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Archive for November 2nd, 2012

T.S.O.P., The Early Years: BBR Collects The Three Degrees on Roulette

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Big Break Records, an imprint of the U.K.’s Cherry Red Group, doesn’t have an office in Philadelphia, Pennsylvania.  But it might as well.  Much of the remarkable music that emanated from ZIP Code 19107 has been revisited of late by BBR, and the latest title is one of the most fully loaded in the label’s catalogue.  The Three Degrees’ Maybe actually combines two early albums from that “When Will I See You Again” trio, both from the catalogue of Roulette Records: 1970’s Maybe and 1975’s So Much Love.  The original 20 tracks from these two albums of The Three Degrees’ pre-Philadelphia International recordings have been augmented by 23 more songs in a whopping deluxe edition.

The first iteration of The Three Degrees formed in Philadelphia in 1963, though only Fayette Pinkney was still in the group by the time of its signing to New York-based Roulette in 1970.  This line-up of the group, with Pinkney, Sheila Ferguson and Valerie Holiday, would prove the most enduring.  Behind the scenes throughout the group’s rise to fame in the 1960s was one Richard Barrett, a successful writer and songwriter behind hits for Frankie Lymon and the Teenagers, Little Anthony and the Imperials, and another girl group, The Chantels.  Barrett was in charge of The Three Degrees’ debut single in 1965, and was still behind the controls for 1970’s Maybe, the first of the two albums included in BBR’s new package.

Barrett drew from a variety of songwriters for Maybe.  Not every group could pull off songs by Sly Stone, Joe Walsh and Hoagy Carmichael on one album, but The Three Degrees did…not to mention the tracks by Jimmy Webb, Tommy James and Joe South!  The girls alternated lead vocal duties, and their overall blend could convincingly be coquettish or sassy, making the off-the-wall song choices sound natural.   The arrangements from Steve Swanson and Sammy Lowe veered from supper-club showbiz to driving soul music.  And so there’s a funked-up version of South’s “Rose Garden” (popularized by country singer Lynn Anderson) and a big, bold, brassy reinvention of Webb’s “MacArthur Park” replete with rain effects.  Carmichael and Mitchell Parrish’s “Stardust” was hardly a typical selection for an R&B group in 1970, but The Three Degrees pulled off the standard (said to be one of the most recorded songs ever) with aplomb.  Best of all, though, was the epic transformation of a song first recorded by Barrett with The Chantels and then with the Degrees in 1966: his own “Maybe.”  Holiday wrote and recorded a lengthy spoken-word rap to introduce the song, and the group infused it with a gospel fervor only hinted at in the Chantels’ original version.  The Three Degrees brought similar spirit to the Motown stomp of “Lonely Town,” perhaps better-known in renditions by Barbara McNair, Tammi Terrell and Martha and the Vandellas.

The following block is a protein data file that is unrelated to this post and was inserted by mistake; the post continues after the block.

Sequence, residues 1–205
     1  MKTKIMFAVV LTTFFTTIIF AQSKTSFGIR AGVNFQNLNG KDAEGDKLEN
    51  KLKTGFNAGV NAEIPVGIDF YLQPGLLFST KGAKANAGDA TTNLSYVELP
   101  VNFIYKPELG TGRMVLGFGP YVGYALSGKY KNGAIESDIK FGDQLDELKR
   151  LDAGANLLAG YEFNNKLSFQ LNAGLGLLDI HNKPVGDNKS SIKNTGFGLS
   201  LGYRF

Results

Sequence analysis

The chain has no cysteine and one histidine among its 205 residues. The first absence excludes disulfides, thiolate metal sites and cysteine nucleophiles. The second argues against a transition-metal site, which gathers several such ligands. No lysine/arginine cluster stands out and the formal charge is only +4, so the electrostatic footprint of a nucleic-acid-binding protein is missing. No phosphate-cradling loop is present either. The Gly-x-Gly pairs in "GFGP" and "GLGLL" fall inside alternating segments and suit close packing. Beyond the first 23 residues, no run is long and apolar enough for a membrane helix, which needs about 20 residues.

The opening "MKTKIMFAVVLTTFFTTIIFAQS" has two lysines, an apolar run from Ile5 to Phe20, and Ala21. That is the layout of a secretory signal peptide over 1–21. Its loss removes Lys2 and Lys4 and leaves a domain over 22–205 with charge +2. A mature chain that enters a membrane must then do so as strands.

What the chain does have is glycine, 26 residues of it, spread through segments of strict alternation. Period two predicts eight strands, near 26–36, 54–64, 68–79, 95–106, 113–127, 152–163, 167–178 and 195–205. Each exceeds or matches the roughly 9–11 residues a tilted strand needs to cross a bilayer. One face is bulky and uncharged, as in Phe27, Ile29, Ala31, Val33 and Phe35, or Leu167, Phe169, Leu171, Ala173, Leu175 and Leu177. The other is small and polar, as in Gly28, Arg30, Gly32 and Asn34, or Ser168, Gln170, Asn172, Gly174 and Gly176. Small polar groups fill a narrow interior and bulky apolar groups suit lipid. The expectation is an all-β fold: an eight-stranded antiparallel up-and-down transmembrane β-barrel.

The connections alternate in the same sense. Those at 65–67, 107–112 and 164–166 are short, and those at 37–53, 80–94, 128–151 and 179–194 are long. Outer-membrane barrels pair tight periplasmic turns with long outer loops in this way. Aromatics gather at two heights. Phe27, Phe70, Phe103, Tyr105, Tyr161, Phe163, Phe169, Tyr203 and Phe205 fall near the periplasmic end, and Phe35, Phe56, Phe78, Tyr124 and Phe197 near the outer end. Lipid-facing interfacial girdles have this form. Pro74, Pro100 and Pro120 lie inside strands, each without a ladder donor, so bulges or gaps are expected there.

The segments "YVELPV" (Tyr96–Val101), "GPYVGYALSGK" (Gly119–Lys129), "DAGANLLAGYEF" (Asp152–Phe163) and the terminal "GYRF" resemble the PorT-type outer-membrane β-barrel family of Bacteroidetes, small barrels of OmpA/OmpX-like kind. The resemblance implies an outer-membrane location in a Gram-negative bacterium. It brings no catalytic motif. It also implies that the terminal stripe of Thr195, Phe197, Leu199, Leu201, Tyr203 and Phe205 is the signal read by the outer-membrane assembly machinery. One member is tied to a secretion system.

“Maybe” is reprised in its mono version among the bonus material, one of ten mono single bonus tracks on Disc One of the new set.  Some of the singles would be included on follow-up album So Much Love.  One previously unreleased track, the long version of “Yours,” has been included.  (The edited track was the B-side to “There’s So Much Love All Around Me.”)  The A-side of “The Grass Will Sing for You,” “Melting Pot,” was the work of Roger Cook and Roger Greenaway, previously recorded by Cook’s group Blue Mink.  Though well intentioned, it’s one of the more dated tracks here but a fascinating time capsule nonetheless: “What we need is a great big melting pot…and turn out coffee colored people by the score,” the song goes.

There’s more after the jump, including the full track listing and order link for this release! Read the rest of this entry »

Written by Joe Marchese

November 2, 2012 at 09:07